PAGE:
HUDCO IPO Review

by Shiv Kukreja on May 8, 2017

in Uncategorized

This post is written by Shiv Kukreja, who is a Certified Financial Planner and runs a financial planning firm, Ojas Capital in Delhi/NCR. He can be reached at [email protected]

HUDCO IPO is opening today for subscription. I covered the details of this IPO on Friday. Here is the link for some of its general details – HUDCO IPO – May 2017 Issue

So, now comes the turn of the most important aspect of this IPO and that is, whether one should invest in it or not? Let’s begin to analyse it by checking its financials and other aspects.

HUDCO operates in two broad segments – housing finance and urban infrastructure finance. It has a loan portfolio of Rs. 36,385.82 crore as on December 31, 2016, of which 30.86% are housing finance loans and 69.14% are urban infrastructure finance loans. Housing finance loans, which is branded as HUDCO Niwas, is further categorised into social housing – EWS and LIG borrowers being the ultimate beneficiaries, residential real estate – middle-income and high-income group of society being the ultimate beneficiaries, and retail finance.

Under Urban Infrastructure Finance, HUDCO provides loans for projects relating to water supply, roads and transport (including railways and ports), power, emerging sectors including SEZs, industrial infrastructure, gas pipelines, oil terminals and telecom sector projects, and other commercial and social infrastructure.

Financials of HUDCO

picture-1Note: Figures are in Rs. Crore, except per share data & percentage figures

Should you invest in HUDCO IPO @ Rs. 58 a share?

Personally, I have many reasons to avoid this issue and the most important of them are – size of the issue, growth of the company in the past few years, and an irrational exuberance around this issue. I mean why people want to invest only in the HUDCO IPO today? Even if somebody can convince me about the company’s future growth and the size of the issue being not too small, that’s ok, but I am still very confident that it would get oversubscribed to the tune of at least 15-20 times in the retail investors’ category, which makes allotment highly unpredictable for me. And, even if I get lucky in the lottery system of allotment, I would not get more than 200 shares allotted. And, even if it gets listed at Rs. 90 a share (which I think is highly unjustified), I would make only Rs. 6,000-7,000 on listing. So, I don’t want to get indulged in such kind of mad rush for such a tiny gain. I think it is time to find out some hidden gems, which are not in the market spotlight as of now, but have a good potential to carry higher growth and provide higher returns.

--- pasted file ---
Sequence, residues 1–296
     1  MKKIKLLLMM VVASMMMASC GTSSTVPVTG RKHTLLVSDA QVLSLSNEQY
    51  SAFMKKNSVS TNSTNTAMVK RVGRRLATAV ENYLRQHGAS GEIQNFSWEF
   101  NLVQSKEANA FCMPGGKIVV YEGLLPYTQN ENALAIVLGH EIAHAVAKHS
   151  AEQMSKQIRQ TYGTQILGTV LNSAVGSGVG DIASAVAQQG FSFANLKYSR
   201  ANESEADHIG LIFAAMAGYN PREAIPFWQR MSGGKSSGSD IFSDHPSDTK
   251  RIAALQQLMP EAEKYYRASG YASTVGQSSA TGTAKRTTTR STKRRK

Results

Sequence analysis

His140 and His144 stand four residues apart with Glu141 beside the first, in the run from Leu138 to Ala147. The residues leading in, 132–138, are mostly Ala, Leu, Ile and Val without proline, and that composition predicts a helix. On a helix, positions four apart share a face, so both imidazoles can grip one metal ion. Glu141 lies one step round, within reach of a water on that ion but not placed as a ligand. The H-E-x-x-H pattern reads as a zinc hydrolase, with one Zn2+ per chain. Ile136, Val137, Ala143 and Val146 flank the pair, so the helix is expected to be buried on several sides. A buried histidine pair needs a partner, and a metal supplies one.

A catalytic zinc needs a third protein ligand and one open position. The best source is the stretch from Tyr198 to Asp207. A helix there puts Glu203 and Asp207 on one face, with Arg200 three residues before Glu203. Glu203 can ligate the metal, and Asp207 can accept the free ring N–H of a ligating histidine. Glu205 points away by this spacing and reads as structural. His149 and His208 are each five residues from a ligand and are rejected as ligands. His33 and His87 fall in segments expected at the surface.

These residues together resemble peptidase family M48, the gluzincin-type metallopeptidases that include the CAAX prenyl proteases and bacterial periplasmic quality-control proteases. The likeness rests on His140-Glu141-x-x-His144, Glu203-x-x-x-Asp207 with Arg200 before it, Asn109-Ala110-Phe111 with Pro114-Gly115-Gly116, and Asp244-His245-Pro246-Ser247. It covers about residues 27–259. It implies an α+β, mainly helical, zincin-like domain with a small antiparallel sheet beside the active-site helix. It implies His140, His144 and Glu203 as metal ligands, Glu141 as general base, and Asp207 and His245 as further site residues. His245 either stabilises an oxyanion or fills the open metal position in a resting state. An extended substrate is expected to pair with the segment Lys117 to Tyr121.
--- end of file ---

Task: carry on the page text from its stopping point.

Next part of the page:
Pricing in this issue, if not expensive, is not cheap either. At Rs. 60 a share and a discount of Rs. 2 for the retail investors, I think the issue is fairly valued at 17-18 times PE ratio and 1.3 times its book value, and not greatly attractive as the market participants are claiming it to be. As you can check from the table above, the company reported a PAT of Rs. 699.69 crore for FY 2012-13, and that has grown to just Rs. 809.61 crore during FY 2015-16. With a PAT of Rs. 496.86 crore in the nine-month period ending December 31, 2016, it seems the company would report a degrowth in its profits for the previous financial year.

HUDCO has reported a profit growth of 12.57%, 4.90%, 4.68% and 5.37% from FY 2012-13 to FY 2015-16, but it is still seeking a PE ratio of 17-18 times, which is on a higher side from PEG (Price Earnings over Growth) perspective.

HUDCO’s net interest margins (NIMs) are also seeing a decline in the past few years, from 4.59% in FY 2013-14 and 5.18% in FY 2014-15, it has fallen to 4.11% in FY 2015-16 and 4.26% in the nine-month period post that. Moreover, despite of the fact that the company stopped sanctioning new social housing and residential real estate loans to entities in the private sector in March 2013, its gross NPAs and Net NPAs are still elevated at 6.80% and 1.51% respectively.

There are many public sector companies which offer better growth opportunities and are priced even more attractively as compared to HUDCO. I think there is an unnecessary euphoria around it as it is an IPO. IPOs in such euphoric times have been given such kind of hype in the past as well. But, the investors would do well to keep their heads steady and invest in some of the already listed, professionally managed, reasonably priced companies as compared to HUDCO.

This issue could still earn you some decent listing gain, but that would happen only due to a change in the investors’ sentiment post BJP’s UP poll win and big jump in the indices in the last 3-4 months. But, I want to ask, why do you need to participate in a lottery system in which the probability of getting allotment is too low and the fundamentals of the company are yet to show any signs of improvement?

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